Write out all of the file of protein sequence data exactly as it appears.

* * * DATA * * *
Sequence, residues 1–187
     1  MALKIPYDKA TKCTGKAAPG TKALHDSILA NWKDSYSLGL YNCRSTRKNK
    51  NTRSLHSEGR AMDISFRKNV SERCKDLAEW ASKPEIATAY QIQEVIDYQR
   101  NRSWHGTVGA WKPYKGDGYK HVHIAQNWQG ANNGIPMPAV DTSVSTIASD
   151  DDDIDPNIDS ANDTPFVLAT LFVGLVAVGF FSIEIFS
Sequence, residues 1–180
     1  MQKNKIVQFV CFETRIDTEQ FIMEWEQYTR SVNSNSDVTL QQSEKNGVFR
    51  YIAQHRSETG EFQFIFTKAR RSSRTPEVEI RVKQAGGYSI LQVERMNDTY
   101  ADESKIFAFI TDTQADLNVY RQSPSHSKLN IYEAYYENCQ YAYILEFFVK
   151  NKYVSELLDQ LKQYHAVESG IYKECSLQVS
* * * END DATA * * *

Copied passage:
Sequence, residues 1–187
     1  MALKIPYDKA TKCTGKAAPG TKALHDSILA NWKDSYSLGL YNCRSTRKNK
    51  NTRSLHSEGR AMDISFRKNV SERCKDLAEW ASKPEIATAY QIQEVIDYQR
   101  NRSWHGTVGA WKPYKGDGYK HVHIAQNWQG ANNGIPMPAV DTSVSTIASD
   151  DDDIDPNIDS ANDTPFVLAT LFVGLVAVGF FSIEIFS
Sequence, residues 1–180
     1  MQKNKIVQFV CFETRIDTEQ FIMEWEQYTR SVNSNSDVTL QQSEKNGVFR
    51  YIAQHRSETG EFQFIFTKAR RSSRTPEVEI RVKQAGGYSI LQVERMNDTY
   101  ADESKIFAFI TDTQADLNVY RQSPSHSKLN IYEAYYENCQ YAYILEFFVK
   151  NKYVSELLDQ LKQYHAVESG IYKECSLQVS